Confronting the spectre of cultural appropriation
Each year, Hallowe’en costumes run the gamut from dancing hippos to the Jolly Green Giant. But a significant number represent cultural stereotypes, such as hula dancers, sheiks, or Native American princesses.
SFU archaeology professor George Nicholas says Hallowe’en is a good time to throw a spotlight on the spectre of cultural appropriation—the practice of using an aspect of someone else’s cultural heritage inappropriately or without permission.
While Hallowe’en, he says, is essentially cultural anarchy, it is still an opportunity to discuss with children (and adults) why certain costumes might be inappropriate, and even offensive to some people or cultural groups.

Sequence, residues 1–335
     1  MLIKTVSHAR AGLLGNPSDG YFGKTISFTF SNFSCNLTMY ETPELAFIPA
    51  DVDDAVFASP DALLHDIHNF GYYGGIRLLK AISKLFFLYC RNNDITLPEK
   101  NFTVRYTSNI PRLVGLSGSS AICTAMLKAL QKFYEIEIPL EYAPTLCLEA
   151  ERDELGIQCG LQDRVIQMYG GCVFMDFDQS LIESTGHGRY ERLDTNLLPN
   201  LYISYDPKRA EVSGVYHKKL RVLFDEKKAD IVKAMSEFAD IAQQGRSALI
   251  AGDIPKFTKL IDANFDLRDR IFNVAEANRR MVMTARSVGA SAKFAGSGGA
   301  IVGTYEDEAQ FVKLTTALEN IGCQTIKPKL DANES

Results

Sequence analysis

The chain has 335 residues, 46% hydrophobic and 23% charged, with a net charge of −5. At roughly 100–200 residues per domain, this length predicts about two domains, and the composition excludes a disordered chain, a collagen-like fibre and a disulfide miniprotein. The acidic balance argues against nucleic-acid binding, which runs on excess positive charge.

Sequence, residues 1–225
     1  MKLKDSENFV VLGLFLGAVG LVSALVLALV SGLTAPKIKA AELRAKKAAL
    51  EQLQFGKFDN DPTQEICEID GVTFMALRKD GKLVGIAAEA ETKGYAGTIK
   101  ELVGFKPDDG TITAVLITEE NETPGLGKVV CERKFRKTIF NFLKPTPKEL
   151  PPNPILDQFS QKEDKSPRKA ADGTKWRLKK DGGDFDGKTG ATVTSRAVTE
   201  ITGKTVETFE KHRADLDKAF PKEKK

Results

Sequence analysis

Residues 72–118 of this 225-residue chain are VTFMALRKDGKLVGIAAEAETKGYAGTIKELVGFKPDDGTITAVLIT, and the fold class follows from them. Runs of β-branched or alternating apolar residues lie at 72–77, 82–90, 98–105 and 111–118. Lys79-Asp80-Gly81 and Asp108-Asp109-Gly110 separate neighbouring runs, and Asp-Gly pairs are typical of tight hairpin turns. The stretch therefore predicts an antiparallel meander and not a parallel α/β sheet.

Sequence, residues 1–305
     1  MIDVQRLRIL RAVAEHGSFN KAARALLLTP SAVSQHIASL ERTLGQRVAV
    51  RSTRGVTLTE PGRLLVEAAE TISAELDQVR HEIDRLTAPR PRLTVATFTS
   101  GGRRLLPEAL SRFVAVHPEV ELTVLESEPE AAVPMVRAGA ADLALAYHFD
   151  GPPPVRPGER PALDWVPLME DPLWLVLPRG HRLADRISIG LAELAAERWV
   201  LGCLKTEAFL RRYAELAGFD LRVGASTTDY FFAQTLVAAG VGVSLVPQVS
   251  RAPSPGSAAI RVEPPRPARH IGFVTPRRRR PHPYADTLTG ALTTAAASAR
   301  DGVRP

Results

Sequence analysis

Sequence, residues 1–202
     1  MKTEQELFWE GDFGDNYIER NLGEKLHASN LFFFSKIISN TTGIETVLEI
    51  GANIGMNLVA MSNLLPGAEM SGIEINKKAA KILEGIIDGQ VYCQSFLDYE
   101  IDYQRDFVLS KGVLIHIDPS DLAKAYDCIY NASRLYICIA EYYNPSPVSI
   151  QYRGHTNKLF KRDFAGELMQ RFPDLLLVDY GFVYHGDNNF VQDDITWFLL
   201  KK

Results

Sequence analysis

He acknowledges, however, that it can be difficult to identify what constitutes a cultural costume, who has the right to wear it, or how offensive it might be.
“Is a Pocahontas costume more or less acceptable than a slasher?” he asks. “What if the child wearing it is a Native American? And Is it honorific, or rather horrific, to choose a costume based on a character from the recent Disney movie “Coco,” about the Mexican Day of the Dead?”
Read more about his insightful musings on cultural appropriation in Sapiens, Anthropology/Everything Human.